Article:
Minister of Health Dr Aaron Motsoaledi. Picture: SIYABULELA DUDA
Minister of Health Dr Aaron Motsoaledi. Picture: SIYABULELA DUDA

The private sector has a vital role to play in implementing National Health Insurance (NHI), an adviser to the Department of Health told delegates at the annual Hospital Association of SA (Hasa) conference in Cape Town on Tuesday.

"We must have a clear and firm commitment to partnerships with all stakeholders, including the private sector," said Vishal Brijlal, a technical adviser on secondment from the Clinton Health Access Initiative.

Interested parties would not "wake up on April 1 2026 and by some miracle expect everything will be in place. This is something we must recognise across society — politically, as well as by stakeholders," Brijlal said, referring to the sensitive issue of how the transition to universal healthcare will be made.

Health Minister Aaron Motsoaledi and his department have drawn fire from Cosatu for signalling a continued role for private healthcare players under NHI that the trade union federation wants to exclude.

Cosatu has also taken issue with the Department of Health’s plans to allow medical schemes to have a role in the transition to NHI: it wants a single fund that pays for all the services under NHI and is opposed to alternative financing mechanisms.

The private healthcare industry plays a strong role in the economy, with the three biggest private hospital groups contributing more than R5.5bn, or 1.3% of GDP in 2016, according to research presented to delegates by Hasa chairwoman Melanie da Costa.

For every R100 of private hospital services delivered, SA’s GDP grew R123, Da Costa said, citing preliminary findings from a study Hasa had commissioned from the consultancy Econex.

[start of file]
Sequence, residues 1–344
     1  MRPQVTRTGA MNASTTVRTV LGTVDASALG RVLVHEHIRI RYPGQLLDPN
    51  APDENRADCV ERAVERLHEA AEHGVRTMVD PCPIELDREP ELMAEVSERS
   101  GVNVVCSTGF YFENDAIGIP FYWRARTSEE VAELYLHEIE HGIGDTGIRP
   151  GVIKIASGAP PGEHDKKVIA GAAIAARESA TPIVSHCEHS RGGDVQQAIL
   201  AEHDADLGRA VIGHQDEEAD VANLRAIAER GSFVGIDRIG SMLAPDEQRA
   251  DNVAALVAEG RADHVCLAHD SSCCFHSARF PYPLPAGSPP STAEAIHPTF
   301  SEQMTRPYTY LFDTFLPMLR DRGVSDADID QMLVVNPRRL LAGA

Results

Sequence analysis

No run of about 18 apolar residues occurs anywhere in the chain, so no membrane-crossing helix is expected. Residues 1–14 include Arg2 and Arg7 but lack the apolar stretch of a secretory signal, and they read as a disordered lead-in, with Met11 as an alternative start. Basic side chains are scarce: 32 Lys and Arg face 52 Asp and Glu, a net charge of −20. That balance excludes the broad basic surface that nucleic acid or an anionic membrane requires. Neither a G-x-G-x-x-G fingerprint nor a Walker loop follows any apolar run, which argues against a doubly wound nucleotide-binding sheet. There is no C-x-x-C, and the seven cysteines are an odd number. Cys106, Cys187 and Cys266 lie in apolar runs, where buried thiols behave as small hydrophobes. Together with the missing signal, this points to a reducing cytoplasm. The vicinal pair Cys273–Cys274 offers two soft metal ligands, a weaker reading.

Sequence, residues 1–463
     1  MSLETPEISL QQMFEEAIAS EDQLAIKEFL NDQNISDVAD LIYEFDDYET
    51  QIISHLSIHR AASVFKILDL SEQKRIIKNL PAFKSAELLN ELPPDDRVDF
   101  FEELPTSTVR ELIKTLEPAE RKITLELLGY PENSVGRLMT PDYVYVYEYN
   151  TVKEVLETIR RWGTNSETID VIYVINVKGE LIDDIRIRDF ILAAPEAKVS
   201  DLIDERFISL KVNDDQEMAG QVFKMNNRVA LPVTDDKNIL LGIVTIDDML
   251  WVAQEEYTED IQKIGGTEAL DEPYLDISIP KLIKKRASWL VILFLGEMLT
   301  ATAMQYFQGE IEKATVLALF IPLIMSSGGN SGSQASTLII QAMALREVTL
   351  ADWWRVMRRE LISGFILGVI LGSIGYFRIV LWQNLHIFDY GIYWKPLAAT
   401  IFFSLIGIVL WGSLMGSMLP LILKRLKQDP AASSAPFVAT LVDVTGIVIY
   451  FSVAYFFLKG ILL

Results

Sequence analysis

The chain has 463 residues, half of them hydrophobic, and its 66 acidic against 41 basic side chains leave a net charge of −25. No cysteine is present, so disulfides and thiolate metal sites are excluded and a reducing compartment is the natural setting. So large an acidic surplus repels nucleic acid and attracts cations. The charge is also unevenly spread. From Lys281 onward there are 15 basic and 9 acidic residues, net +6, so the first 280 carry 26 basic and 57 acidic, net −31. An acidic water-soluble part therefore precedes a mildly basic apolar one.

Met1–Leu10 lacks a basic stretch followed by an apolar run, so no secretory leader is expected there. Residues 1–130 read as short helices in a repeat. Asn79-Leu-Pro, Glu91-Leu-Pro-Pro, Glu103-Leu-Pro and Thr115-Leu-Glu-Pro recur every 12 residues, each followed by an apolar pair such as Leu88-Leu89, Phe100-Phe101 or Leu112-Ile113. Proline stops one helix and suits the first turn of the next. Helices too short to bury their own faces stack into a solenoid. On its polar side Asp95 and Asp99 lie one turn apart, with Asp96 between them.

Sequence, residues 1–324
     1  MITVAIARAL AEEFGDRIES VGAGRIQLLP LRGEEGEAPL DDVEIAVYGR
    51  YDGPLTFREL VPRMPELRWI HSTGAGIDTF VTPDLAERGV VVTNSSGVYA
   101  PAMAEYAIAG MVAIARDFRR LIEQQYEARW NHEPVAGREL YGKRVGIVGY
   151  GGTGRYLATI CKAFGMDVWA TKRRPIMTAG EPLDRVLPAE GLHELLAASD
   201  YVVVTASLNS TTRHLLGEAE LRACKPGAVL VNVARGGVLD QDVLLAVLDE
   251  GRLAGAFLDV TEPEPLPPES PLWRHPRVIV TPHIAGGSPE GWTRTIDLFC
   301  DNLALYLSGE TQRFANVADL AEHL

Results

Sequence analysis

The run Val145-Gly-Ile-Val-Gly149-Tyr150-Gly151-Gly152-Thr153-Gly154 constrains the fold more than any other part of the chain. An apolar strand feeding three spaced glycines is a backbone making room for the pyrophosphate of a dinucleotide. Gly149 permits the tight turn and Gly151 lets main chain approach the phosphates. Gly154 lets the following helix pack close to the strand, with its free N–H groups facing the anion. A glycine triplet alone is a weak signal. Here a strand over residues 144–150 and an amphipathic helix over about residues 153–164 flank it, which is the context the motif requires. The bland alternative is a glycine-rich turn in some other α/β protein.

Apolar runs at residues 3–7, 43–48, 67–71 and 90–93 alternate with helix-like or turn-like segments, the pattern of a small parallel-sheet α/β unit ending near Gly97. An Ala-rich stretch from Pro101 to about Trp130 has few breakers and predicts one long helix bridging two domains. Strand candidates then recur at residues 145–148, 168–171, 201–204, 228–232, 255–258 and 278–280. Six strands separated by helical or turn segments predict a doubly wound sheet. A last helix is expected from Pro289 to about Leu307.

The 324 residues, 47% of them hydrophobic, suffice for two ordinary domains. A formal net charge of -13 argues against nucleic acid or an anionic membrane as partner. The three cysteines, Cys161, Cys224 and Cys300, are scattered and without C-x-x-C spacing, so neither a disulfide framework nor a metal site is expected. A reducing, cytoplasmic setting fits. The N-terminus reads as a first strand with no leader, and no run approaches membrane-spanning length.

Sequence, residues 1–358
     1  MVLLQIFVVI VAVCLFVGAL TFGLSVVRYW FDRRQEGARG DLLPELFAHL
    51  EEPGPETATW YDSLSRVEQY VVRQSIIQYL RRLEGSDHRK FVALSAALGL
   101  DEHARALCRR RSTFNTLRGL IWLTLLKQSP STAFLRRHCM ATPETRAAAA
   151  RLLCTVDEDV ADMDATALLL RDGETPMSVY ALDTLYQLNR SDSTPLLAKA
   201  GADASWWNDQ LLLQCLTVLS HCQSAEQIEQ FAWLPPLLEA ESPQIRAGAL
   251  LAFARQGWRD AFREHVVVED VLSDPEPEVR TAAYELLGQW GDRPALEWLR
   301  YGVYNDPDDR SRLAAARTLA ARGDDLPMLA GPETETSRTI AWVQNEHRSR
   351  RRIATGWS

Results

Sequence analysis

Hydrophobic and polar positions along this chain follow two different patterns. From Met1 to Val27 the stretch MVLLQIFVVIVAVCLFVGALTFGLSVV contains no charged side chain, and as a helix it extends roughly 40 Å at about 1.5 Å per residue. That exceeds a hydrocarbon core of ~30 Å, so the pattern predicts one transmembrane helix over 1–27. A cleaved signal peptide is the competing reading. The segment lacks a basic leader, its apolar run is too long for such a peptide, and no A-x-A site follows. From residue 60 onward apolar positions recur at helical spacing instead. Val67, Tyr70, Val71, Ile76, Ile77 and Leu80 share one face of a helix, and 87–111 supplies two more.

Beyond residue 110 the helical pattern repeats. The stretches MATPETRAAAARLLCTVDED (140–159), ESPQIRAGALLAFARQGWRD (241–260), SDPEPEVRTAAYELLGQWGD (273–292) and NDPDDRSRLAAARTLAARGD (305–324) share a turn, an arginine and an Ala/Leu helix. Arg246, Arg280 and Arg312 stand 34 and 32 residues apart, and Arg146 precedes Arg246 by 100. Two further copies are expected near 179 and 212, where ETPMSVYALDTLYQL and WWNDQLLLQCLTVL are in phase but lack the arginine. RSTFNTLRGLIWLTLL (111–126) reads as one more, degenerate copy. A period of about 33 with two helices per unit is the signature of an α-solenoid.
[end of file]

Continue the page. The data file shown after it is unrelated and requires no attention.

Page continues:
The study is based on data from the country’s three JSE-listed private hospital groups — Netcare, Mediclinic International and Life Healthcare — and excluded the effect of independent private hospitals and those belonging to the National Hospital Network.

Netcare and Mediclinic International welcomed the pragmatic approach flagged by Brijlal, with the CEOs of both companies saying private hospitals could reduce waiting times in public hospitals, play a greater role in training healthcare professionals, and help tackle extensive health issues the state had identified among pupils.

Discovery Health CEO Jonathan Broomberg said the lack of trust between the government and the private sector was hobbling progress.

"One of the critical priorities is for the leadership of [the] government and the private sector to try and find that trust again and identify … quick wins.

"The beneficiaries would be the patients who are deprived of healthcare. The ruling party would benefit through visible service delivery, and the private sector would benefit from enhanced credibility," he said.

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